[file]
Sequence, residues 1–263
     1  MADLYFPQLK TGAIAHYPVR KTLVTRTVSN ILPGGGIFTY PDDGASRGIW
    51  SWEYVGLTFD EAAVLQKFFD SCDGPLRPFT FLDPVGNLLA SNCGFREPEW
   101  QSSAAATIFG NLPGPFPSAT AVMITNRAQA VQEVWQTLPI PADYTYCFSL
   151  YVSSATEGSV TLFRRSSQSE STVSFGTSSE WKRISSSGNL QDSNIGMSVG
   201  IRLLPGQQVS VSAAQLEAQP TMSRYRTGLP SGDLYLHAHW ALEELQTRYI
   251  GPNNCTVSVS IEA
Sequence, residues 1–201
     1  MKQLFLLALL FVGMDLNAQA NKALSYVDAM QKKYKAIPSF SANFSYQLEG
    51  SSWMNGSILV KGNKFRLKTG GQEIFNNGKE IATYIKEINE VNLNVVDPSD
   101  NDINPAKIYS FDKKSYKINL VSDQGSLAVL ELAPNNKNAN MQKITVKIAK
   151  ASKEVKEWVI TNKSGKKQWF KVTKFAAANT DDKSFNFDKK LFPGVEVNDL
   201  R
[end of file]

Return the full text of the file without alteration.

Sequence, residues 1–263
     1  MADLYFPQLK TGAIAHYPVR KTLVTRTVSN ILPGGGIFTY PDDGASRGIW
    51  SWEYVGLTFD EAAVLQKFFD SCDGPLRPFT FLDPVGNLLA SNCGFREPEW
   101  QSSAAATIFG NLPGPFPSAT AVMITNRAQA VQEVWQTLPI PADYTYCFSL
   151  YVSSATEGSV TLFRRSSQSE STVSFGTSSE WKRISSSGNL QDSNIGMSVG
   201  IRLLPGQQVS VSAAQLEAQP TMSRYRTGLP SGDLYLHAHW ALEELQTRYI
   251  GPNNCTVSVS IEA
Sequence, residues 1–201
     1  MKQLFLLALL FVGMDLNAQA NKALSYVDAM QKKYKAIPSF SANFSYQLEG
    51  SSWMNGSILV KGNKFRLKTG GQEIFNNGKE IATYIKEINE VNLNVVDPSD
   101  NDINPAKIYS FDKKSYKINL VSDQGSLAVL ELAPNNKNAN MQKITVKIAK
   151  ASKEVKEWVI TNKSGKKQWF KVTKFAAANT DDKSFNFDKK LFPGVEVNDL
   201  R